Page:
Graduate Prerequisites: QM711/716/717, OM710/725/726, MK713/723/724, FE717/721/722
    This is an introductory course that covers the basics of real estate investing and managing. Subject materials include mortgages, lenders, forms of ownership, tax laws effecting real property, financial analysis and valuation techniques.
  • QST SI 836: Foundations of Environmental Sustainability
    Graduate Prerequisites: PL714/727/FE730
    The changing relationship between business and the natural environment offers both challenges and opportunities for firms. In this course we will discuss many facets of business, including financing, risk management, measurement, competitive positioning, innovation, and strategy in the context of increasing pressures for improved environmental sustainability. The course will be interactive and discussion-oriented, with a case discussion in most class sessions, supplemented by debates, simulation exercises, visitors, student presentations, discussions of recent news articles, and mini-lectures. The course is appropriate for all students interested in how demands for sustainability will continue to change the business environment.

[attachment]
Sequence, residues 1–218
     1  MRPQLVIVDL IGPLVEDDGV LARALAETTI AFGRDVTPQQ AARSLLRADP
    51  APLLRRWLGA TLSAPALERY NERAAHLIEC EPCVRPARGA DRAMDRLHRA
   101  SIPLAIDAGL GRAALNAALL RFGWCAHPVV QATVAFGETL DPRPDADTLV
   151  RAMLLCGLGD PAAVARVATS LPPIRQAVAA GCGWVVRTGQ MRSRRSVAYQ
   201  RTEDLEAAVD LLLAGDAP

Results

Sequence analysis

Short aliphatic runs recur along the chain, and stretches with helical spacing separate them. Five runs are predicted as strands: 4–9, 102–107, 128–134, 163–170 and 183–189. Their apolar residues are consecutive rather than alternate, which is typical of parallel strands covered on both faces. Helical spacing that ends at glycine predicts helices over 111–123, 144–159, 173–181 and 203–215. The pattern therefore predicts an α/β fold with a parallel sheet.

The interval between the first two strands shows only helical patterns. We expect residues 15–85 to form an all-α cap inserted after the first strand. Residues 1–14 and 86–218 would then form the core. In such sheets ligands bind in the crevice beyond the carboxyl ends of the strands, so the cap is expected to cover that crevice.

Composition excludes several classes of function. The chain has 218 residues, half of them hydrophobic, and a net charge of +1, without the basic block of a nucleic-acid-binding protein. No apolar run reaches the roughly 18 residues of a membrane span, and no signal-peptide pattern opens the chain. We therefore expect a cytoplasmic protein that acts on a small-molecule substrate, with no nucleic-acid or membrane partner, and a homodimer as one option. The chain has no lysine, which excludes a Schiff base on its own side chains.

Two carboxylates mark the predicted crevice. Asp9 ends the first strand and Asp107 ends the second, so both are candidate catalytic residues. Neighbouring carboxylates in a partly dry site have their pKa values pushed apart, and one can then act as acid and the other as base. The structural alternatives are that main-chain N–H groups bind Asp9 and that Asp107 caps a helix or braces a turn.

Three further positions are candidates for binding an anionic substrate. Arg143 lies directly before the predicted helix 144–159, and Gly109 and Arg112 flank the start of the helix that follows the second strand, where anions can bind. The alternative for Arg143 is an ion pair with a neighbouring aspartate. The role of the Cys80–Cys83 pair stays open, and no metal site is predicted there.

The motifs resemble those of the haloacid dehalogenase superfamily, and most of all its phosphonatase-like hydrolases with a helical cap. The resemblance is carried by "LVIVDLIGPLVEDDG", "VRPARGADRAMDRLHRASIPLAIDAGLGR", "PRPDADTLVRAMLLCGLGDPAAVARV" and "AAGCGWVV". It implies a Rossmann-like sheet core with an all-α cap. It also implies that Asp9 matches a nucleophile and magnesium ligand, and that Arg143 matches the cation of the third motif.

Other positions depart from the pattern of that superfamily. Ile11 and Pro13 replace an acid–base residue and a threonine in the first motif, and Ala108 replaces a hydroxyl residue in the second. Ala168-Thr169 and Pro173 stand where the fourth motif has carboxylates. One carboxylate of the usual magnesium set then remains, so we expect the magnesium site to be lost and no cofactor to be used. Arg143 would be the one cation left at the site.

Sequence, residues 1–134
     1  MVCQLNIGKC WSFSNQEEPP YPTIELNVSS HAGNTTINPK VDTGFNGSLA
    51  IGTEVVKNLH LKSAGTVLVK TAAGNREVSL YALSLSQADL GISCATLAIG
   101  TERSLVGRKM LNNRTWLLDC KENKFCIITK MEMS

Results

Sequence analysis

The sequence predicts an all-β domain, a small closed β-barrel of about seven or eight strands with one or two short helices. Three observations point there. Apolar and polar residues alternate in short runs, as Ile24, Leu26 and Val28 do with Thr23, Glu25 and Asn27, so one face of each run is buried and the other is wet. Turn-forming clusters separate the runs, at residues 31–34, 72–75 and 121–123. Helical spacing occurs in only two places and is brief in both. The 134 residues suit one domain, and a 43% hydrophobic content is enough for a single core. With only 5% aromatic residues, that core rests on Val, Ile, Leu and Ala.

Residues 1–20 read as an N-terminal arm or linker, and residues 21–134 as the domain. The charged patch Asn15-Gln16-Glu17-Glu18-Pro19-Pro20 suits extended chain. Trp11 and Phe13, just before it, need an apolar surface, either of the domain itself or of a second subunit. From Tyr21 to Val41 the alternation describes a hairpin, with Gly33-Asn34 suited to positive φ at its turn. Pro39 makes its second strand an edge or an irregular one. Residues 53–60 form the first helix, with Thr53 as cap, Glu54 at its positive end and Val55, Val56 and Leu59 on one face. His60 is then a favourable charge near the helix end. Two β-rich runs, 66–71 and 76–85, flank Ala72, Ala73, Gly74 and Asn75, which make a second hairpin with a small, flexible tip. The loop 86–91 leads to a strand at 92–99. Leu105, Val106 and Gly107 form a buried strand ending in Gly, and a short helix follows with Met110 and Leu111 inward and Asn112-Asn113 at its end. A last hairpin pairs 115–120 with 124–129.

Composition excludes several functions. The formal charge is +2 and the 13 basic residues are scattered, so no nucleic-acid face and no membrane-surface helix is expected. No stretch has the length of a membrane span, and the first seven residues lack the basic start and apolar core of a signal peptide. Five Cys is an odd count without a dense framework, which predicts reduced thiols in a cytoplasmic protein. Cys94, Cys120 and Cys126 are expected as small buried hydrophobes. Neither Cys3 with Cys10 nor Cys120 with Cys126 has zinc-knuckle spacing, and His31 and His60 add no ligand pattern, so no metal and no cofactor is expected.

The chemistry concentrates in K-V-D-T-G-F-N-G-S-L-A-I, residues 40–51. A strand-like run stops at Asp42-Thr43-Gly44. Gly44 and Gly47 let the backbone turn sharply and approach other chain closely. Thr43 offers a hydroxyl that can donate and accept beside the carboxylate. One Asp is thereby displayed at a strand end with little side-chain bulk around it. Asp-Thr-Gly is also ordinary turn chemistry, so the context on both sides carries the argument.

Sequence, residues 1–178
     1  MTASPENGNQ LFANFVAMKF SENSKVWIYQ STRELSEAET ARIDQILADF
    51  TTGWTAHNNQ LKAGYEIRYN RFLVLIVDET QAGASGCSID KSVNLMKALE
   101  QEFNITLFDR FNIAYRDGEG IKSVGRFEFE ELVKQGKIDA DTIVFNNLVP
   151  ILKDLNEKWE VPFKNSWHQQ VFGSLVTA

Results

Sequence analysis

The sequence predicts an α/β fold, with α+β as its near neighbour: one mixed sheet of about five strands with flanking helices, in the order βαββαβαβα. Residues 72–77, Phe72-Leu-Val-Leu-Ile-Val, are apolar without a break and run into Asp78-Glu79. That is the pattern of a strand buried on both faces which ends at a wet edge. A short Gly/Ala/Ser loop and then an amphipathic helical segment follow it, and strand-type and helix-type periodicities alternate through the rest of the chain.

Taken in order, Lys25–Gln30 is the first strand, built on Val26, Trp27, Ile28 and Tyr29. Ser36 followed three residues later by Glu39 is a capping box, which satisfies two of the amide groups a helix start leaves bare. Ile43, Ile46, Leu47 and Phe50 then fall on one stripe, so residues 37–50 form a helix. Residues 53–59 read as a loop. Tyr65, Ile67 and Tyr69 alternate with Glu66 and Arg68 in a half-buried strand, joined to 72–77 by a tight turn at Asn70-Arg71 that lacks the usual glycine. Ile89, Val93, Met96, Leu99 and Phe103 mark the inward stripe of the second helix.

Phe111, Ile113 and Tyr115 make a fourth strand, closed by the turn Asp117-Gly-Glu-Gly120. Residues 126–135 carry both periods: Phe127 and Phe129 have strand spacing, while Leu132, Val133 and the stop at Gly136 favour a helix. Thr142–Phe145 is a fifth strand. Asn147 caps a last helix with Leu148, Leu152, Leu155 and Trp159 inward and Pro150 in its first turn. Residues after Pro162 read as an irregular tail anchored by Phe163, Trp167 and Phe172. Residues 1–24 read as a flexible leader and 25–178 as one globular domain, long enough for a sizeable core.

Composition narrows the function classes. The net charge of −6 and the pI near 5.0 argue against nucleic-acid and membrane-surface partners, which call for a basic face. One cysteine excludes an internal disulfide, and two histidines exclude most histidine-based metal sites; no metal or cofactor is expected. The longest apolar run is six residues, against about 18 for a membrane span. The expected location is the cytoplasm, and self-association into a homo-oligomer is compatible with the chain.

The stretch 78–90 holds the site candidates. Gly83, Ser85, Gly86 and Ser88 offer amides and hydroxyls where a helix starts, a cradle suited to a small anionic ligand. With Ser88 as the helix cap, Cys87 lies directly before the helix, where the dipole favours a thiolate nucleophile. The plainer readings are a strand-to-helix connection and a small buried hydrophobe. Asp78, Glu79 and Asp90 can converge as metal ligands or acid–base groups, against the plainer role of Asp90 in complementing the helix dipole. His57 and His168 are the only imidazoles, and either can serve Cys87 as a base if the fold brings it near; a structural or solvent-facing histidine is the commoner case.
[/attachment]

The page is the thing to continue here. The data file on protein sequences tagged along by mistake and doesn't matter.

• QST SI 839: Design Thinking and Innovation
    This class will examine how managers and leaders can create the conditions for innovation at the individual, team and organizational levels - and how those conditions differ for startup and mature organizations. Managing innovation includes the generation of ideas; the integration of ideas into new product concepts; and the commercialization of ideas. While core strategy courses address the questions of what innovations to pursue and whether and when those innovations will bring value, this course addresses the question of how managers can create organizations to deliver innovations of value. Thus, the course will focus on the practices and processes that mangers need to put in place to enable organizations to execute on an innovation strategy. In doing so, students will evaluate how to balance the challenges of organizing, managing and leading innovation with the need to produce concrete, routine and expected outcomes within the organization. To be innovative, any new idea must resolve the innovation paradox - introducing enough novelty to appeal to new markets while retaining enough familiarity to tap into existing behaviors. Because design and innovation are frequently inseparable in managing this paradox, the class will assess how design contributes to innovation in product, process and business models across industry sectors. The course will also consider the role that all sources of innovation play - including communities, networks, brokers and other forms of open innovation. Students will be asked to reflect upon innovations that have been critical to their lives, and how these innovations were produced and gained market traction. Final group projects will explore how to "rescue" innovations in trouble with turnaround teams.